We’ll be featuring listings from our Historic Properties for Sale site every Wednesday. It’s just like Preservation magazine’s well-loved homes section, but much more frequent. This week we're looking at a lovely selection of Victorians.
I grew up with house envy. Don't get me wrong, the house I grew up in was perfectly nice, but I lived on the newer south side of town, where the houses all dated from the 1930s and 40s, rather than on the west side, where the Victorian houses were. Of course, I didn't know at the time that they were Victorians - I just knew they had towers, and bright paint colors, and huge wrap-around porches, and they looked to me like castles. I wanted one, specifically one with a turret, because I knew a tower bedroom was clearly what I meant to have, being a a girl with princess ambitions - decades before Disney made it a marketing concept.
As I grew up and realized the my name meaning "princess" was as close as I was ever going to get to the royal life, I developed an appreciation for the house - and neighborhood - I grew up in. This week's new listings, however, reminded me how much I used to covet the Victorians on Riverside Drive.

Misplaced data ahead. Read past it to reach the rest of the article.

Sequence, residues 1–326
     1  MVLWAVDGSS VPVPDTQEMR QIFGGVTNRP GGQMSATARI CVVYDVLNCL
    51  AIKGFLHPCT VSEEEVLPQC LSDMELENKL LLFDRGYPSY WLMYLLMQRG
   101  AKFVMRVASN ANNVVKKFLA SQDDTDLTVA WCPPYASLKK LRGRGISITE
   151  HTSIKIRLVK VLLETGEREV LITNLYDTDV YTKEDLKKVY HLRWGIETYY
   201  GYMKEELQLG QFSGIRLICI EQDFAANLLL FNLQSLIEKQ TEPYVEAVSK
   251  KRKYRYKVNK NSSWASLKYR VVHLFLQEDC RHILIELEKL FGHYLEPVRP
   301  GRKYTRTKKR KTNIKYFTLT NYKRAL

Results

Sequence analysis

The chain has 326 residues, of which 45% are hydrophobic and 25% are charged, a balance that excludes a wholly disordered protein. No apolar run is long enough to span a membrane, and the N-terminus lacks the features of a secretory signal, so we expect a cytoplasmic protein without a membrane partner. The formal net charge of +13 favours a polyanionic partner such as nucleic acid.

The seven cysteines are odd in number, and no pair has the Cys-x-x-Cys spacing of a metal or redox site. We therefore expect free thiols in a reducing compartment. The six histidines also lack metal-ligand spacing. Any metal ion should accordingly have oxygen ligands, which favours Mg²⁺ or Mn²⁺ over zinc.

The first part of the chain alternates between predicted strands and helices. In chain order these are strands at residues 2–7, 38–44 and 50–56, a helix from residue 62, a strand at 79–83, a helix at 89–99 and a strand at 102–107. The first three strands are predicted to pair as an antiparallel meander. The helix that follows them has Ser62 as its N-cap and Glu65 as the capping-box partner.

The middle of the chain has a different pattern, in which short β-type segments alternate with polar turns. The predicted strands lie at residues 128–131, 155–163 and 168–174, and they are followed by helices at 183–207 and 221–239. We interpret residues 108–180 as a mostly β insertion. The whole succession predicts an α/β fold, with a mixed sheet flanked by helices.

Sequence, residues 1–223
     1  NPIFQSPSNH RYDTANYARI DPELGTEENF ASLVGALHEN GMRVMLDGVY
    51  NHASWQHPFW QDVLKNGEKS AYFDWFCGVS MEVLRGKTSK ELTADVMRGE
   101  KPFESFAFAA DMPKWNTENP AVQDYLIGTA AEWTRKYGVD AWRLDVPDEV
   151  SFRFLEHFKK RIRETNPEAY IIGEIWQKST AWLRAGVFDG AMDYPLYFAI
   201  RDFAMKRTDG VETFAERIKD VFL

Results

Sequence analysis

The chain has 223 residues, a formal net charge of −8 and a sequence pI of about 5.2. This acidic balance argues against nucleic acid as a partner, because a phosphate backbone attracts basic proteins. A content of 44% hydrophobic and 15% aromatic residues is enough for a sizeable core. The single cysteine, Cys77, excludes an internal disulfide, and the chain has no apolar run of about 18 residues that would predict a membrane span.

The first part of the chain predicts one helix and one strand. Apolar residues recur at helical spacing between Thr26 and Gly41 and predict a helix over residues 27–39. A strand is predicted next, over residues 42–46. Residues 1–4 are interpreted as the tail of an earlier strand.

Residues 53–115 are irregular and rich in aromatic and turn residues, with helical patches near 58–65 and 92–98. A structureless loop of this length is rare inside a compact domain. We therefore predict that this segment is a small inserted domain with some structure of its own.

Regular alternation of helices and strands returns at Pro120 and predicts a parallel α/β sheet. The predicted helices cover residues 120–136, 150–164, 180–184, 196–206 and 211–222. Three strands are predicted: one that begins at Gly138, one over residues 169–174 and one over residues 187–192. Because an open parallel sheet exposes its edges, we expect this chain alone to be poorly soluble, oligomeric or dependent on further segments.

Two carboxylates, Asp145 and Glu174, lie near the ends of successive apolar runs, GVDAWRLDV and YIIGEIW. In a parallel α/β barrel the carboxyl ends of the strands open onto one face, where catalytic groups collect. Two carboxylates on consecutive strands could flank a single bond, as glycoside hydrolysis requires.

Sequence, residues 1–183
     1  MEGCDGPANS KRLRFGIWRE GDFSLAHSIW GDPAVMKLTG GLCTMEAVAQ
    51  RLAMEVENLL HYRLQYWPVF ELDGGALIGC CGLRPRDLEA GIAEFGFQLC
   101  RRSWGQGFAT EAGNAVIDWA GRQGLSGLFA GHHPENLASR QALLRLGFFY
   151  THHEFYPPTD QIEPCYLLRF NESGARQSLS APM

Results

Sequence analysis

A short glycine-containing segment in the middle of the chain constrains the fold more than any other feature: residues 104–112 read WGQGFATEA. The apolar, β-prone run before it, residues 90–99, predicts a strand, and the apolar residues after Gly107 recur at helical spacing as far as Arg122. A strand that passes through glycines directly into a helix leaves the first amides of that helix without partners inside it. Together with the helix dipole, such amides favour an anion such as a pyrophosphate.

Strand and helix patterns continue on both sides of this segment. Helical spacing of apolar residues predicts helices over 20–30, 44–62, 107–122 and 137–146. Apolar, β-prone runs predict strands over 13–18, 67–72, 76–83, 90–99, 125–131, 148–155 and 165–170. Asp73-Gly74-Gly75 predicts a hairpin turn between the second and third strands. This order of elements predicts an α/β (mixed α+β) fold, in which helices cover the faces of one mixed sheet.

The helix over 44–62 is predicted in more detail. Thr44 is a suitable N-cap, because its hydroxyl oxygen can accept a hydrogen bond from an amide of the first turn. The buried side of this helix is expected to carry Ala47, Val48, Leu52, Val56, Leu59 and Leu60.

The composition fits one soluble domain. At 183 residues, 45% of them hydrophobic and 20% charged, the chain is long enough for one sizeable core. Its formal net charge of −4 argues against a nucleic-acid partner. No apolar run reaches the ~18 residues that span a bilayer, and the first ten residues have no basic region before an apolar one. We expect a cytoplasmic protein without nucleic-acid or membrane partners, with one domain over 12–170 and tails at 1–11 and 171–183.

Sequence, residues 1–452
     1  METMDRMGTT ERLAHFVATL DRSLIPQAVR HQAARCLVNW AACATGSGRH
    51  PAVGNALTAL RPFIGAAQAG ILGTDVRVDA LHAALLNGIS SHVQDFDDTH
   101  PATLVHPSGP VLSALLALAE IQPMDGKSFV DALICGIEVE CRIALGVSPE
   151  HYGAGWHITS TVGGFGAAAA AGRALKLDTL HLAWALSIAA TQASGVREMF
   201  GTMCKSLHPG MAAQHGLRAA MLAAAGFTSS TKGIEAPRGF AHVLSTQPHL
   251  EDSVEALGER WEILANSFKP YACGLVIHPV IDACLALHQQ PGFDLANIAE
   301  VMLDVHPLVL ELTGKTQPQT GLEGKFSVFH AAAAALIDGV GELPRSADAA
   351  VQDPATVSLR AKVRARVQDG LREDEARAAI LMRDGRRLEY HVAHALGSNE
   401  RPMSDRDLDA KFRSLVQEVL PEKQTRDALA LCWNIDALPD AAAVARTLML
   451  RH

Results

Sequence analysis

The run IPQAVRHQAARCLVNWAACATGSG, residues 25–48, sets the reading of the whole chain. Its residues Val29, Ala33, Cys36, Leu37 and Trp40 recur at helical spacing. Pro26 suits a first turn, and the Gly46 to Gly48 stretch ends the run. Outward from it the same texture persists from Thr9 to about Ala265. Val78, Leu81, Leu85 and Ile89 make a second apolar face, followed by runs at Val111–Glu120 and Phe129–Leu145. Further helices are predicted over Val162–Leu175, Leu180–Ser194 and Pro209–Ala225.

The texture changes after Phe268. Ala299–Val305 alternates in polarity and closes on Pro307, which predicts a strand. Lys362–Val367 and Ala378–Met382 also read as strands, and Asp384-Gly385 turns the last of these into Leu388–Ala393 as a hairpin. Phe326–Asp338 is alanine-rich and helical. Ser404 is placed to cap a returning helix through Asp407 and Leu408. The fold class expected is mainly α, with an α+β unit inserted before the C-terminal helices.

Take this gem in Henderson, Kentucky - shown above - for example. Tower? Check. Massive front porch? Check. Added bonus? It was featured in the movie A League of their Own. (Fun fact: "There's no crying in baseball!" may be the movie line I quote more than any other.)
The Perkins House also sports a turret and a spiffy porch, but this Charles Town, West Virginia, house has a claim to fame that's more historic than cinematic - it's on the property where abolitionist hero John Brown was executed. (Being much geekier about Civil War history than I am about baseball, I find this to be even cooler than the house above.)
Of course, these are just a couple of the options that appear when you search "Victorian" on the Historic Real Estate. Others include a house in Lewes, Delaware that's just minutes from the beach, the Greenhills Farm in Gaithersburg, Maryland, and a charming greystone on Chicago's Gold Coast.
Oh, now... there is is again. My old friend house envy.
Sarah Heffern is the content manager for PreservationNation.org. Every week when she writes this post she wonders anew why it is that she lives in a 600-square-foot apartment.
The National Trust for Historic Preservation works to save America's historic places. Join us today to help protect the places that matter to you.